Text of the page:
The results were clear cut:

• Vitamin E supplementation had no effect on the incidence of prostate cancer or total cancers.
• Vitamin C supplementation also had no effect on the incidence of prostate cancer or total cancers.
• Vitamin C supplementation decreased the incidence of colon cancer during the post-trial period by 46%, which was marginally significant.

The Bottom Line:

1) Can antioxidant supplements cause cancer?  You can ignore the dire warnings that antioxidant supplements may increase your risk of cancer. The only case where this appears to be true is for high dose beta-carotene supplements in smokers. The weight of evidence for vitamins C and E suggests that they are unlikely to increase your risk of cancer.

2) As I have said previously if there is any risk of antioxidant supplements, it is most likely to arise from using high purity individual antioxidant supplements. I recommend vitamin E supplements containing the full spectrum of tocopherols and tocotrienols, carotenoid supplements containing all the naturally occurring carotenoids, and supplements that combine complementary antioxidant nutrients – vitamin E and selenium, for example.

3) That doesn’t mean that you should run out and stock up on antioxidant supplements in the hope that they will prevent cancer. The same clinical studies that showed no harm from vitamin C and E supplementation also showed no consistent benefit.

4) This is also consistent with my comments in previous “Health Tips from the Professor”. For example:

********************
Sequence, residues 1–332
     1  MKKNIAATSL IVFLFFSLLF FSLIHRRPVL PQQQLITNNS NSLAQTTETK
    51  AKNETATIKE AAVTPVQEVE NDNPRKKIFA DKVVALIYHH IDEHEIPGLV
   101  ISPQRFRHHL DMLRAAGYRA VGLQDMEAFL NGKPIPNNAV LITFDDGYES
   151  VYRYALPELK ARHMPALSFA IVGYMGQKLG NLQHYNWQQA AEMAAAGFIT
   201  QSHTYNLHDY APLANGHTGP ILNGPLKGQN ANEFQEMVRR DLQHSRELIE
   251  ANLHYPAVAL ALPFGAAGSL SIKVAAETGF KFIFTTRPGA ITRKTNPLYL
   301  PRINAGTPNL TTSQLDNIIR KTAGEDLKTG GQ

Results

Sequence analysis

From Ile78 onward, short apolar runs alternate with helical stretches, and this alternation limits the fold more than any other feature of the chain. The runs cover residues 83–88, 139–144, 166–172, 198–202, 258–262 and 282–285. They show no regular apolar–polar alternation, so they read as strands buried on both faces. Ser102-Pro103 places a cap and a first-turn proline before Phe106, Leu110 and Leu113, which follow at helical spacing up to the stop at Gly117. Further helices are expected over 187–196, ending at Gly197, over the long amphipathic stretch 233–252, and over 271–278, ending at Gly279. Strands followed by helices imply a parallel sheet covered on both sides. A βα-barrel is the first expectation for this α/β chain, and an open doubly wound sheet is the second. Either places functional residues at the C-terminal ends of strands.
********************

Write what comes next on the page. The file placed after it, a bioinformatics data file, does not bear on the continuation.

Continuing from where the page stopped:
• It is very difficult to prove, and unreasonable to expect, that supplementation will have a measurable effect on risk of a particular disease like cancer for everyone. People who are healthy and have very low risk of cancer, may experience other benefits from supplementation but are unlikely to experience a measurable decrease in cancer risk.

• Supplementation is most likely to be advantageous in select populations, generally populations with increased need for a particular nutrient or at highest risk of disease. It is clinical studies looking at the effect of supplementation in these select populations that often show the greatest benefit of supplementation.

• Supplementation is just one component of a holistic approach for reducing disease risk. Diet, weight control, exercise, adequate rest and stress reduction all play a major role as well. You can’t weigh 250 pounds and eat all your meals at McDonalds and expect supplementation to save you from disease.

These statements have not been evaluated by the Food and Drug Administration. This information is not intended to diagnose, treat, cure or prevent any disease.

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Latest Article

A Low Carb Diet and Weight Loss

Posted January 15, 2019 by Dr. Steve Chaney

Do Low-Carb Diets Help Maintain Weight Loss?

Author: Dr. Stephen Chaney

 

low carb dietTraditional diets have been based on counting calories, but are all calories equal? Low-carb enthusiasts have long claimed that diets high in sugar and refined carbs cause obesity. Their hypothesis is based on the fact that high blood sugar levels cause a spike in insulin levels, and insulin promotes fat storage.

The problem is that there has been scant evidence to support that hypothesis. In fact, a recent meta-analysis of 32 published clinical studies (KD Hall and J Guo, Gastroenterology, 152: 1718-1727, 2017 ) concluded that low-fat diets resulted in a higher metabolic rate and greater fat loss than isocaloric low-carbohydrate diets.

However, low-carb enthusiasts persisted. They argued that the studies included in the meta-analysis were too short to adequately measure the metabolic effects of a low-carb diet. Recently, a study has been published in the British Medical Journal (CB Ebbeling et al, BMJ 2018, 363:k4583 ) that appears to vindicate their position.